A cent is a cent but a point is not a point if one earns a different number of points for the same number of cents spent!!!

      So, in

      1.5 cents/ Hyatt point vs. 0.5 cent/Hilton point

      the denominators are clearly different. Just as you would not compare 1.5 cents/gallon vs. 0.5 cents/liter directly and decide a priori that 1.5 cents per gallon costs more then 0.5cent/liter, you cannot compare 1.5 cents/Hyatt point vs. 0.5 cent/Hilton point and decide a priori that the Hyatt point is "worth" more. You must first convert gallons to liters or Hyatt points to Hilton points, or vice versa to know the relative costs or values. It is exactly the same with

      So, in

      1.5 cents/Hyatt point vs. 0.5 cent/Hilton point

      how do you convert cents PER Hyatt point to cents PER Hilton point? You do a points currency conversion, just as you would do a hard currency conversion (Euros to USDs) !!!
      That is why the EARN rates, INCLUDING points from co-branded credit cards, determine the relative "values" of points.

      A Hilton Diamond earns 3x more Hilton points per spend than a Hyatt Globalist earns Hyatt points for the same spend.

      So, 1.5 cents/Hyatt point will convert to:

      1.5cents/Hyatt points * (1 Hyatt point/3 Hilton points) = 0.5 cents/Hilton point.

      See that?

      So, please repeat the following until it sinks in :

      1.5 cents/Hyatt point = 0.5 cent/Hilton point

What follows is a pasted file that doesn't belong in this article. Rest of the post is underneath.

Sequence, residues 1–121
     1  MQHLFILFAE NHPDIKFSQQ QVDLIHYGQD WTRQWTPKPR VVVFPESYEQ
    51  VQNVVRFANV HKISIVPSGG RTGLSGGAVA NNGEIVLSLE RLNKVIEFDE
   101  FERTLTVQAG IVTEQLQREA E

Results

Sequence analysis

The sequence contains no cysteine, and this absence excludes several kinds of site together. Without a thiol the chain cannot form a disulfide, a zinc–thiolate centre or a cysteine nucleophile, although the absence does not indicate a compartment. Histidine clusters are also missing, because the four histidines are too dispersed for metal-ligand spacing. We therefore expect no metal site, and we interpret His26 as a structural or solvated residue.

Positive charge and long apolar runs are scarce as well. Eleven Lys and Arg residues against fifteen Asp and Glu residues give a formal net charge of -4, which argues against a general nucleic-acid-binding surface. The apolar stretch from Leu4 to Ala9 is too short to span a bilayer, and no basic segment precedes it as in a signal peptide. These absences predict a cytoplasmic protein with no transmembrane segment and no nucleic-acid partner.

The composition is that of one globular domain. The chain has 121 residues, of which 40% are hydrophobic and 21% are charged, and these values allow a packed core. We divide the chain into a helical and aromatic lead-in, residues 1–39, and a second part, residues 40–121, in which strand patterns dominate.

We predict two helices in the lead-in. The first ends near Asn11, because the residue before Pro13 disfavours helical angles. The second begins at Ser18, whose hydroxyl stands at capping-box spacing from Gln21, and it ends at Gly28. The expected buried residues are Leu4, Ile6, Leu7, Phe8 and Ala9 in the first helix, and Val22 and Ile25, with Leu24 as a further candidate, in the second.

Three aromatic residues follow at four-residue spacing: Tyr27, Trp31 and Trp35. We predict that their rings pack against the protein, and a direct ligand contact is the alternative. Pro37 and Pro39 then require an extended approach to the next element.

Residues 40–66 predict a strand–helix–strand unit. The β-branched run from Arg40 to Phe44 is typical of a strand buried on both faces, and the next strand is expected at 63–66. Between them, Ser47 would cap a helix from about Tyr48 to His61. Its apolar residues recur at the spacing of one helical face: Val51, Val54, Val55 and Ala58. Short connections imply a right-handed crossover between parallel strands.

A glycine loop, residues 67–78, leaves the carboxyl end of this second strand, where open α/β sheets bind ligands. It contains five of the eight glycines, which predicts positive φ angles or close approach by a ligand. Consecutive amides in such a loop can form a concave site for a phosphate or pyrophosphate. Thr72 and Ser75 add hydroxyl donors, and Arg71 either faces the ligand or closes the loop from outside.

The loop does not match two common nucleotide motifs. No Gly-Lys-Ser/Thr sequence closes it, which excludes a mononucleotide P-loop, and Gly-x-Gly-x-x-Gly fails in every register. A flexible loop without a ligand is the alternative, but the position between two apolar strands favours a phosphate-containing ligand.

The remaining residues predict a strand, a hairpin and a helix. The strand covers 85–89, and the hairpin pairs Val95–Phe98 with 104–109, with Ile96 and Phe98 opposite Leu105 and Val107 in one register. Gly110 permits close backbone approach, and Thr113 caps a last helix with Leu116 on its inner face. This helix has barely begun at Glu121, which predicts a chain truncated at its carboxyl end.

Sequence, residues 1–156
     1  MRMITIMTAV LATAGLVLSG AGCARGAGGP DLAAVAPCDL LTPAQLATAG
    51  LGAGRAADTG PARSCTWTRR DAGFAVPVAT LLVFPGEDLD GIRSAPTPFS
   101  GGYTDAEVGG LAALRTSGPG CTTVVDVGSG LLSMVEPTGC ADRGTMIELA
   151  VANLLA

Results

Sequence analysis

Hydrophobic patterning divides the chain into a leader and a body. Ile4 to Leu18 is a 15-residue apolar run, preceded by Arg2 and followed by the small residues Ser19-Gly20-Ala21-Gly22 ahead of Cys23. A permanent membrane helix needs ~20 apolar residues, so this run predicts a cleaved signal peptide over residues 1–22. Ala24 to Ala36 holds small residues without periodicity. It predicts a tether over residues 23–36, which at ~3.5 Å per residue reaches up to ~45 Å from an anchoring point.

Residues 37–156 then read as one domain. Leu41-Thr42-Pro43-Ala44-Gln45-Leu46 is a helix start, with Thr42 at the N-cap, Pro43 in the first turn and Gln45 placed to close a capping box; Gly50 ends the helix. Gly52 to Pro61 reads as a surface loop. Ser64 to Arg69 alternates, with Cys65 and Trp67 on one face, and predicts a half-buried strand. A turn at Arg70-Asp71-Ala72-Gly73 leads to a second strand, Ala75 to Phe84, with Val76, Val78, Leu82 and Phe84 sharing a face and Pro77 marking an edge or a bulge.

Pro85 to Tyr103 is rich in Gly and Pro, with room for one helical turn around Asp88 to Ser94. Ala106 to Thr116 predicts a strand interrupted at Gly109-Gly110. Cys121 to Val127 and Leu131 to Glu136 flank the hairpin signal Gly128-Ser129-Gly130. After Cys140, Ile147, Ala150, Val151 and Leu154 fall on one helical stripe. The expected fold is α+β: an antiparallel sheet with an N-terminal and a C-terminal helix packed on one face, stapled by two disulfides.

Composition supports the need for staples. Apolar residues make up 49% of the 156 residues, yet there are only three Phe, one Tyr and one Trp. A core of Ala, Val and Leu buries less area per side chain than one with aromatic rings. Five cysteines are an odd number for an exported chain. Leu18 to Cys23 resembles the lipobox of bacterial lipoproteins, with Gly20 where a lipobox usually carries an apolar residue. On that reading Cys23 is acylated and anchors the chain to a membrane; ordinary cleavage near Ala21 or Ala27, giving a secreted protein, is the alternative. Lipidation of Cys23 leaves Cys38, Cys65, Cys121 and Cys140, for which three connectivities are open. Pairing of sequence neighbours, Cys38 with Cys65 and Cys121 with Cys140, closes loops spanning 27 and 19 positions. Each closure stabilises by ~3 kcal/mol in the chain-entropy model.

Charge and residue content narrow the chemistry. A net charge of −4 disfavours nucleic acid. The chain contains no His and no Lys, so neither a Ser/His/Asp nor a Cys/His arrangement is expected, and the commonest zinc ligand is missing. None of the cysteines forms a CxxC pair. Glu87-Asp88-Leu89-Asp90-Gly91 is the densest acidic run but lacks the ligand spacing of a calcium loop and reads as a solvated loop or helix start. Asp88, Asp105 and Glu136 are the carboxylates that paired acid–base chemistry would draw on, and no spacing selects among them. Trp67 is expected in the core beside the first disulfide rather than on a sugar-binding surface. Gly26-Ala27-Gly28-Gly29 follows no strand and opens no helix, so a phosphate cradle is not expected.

The fact that the bolded denominators (Hilton point, Hyatt point) are different should tell you that it is utterly stupid to just compare the numerators (0.5 vs. 1.5 cents) and claim that the Hyatt point is "worth" more. The equality sign ('=') above is for real. 0.5 cent/Hilton point is equal tp 1.5 cents/Hyatt point, and they would buy you exactly the same thing in the respective programs.

      You can do the same type of conversion with the other hotel programs' points currencies to establish that they are all "worth" exactly the same.

      0.7 cent/BonVoy point = 0.5 cent/HH point = 0.5 cent/IHG point = 1.5 cents/WoH = 0.36 cent/Radisson point.

      There is no 1:1:1:1 equivalence among the points currencies because each program awards different numbers of points for the same number of cents spent!
      When one adjusts for the different earn rates, all the points currencies are "worth" exactly the same.

      Kindergarten-easy stuff to understand but I am sure you are confused, just like everyone else is...

    13. DCS Diamond

      I can do the math and I am the only one who clearly saw the obvious on Day 1 because it is so trivial, which is why I am 100% sure that you cannot do the math and are utterly clueless like virtually everyone else.

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Mantis Guest

If they are all worth the same, care to transfer 1000k MR to me? I'll transfer 1000k HH in return. Seriously, you are just being obtuse. Are you trying to be philosphical, or can you not realize the obvious? Look at the prices of comparable hotel redemptions. Hyatt high end properties are ~40k, Hilton are ~200k. Can you do that math?

1
Never In Doubt Guest

OMAAT's leading pedant, I'm sure your 4th grade math teacher loved you. Since you seem to be having trouble, let me simplify Ben's comparison for you. 1 MR point transferred to a generic airline transfer partner yields ~1.7¢* of value. 1 MR point transferred to Hilton yields ~1.0¢* of value. *Adjust those numbers based on what values you assign for an individual airline partner or Hilton. Reasonable people can disagree on the US$ value of a United mile or a Hilton point, but you can't disagree with the *process* of that comparison.

1
DCS Diamond

I can do the math and I am the only one who clearly saw the obvious on Day 1 because it is so trivial, which is why I am 100% sure that you cannot do the math and are utterly clueless like virtually everyone else.

0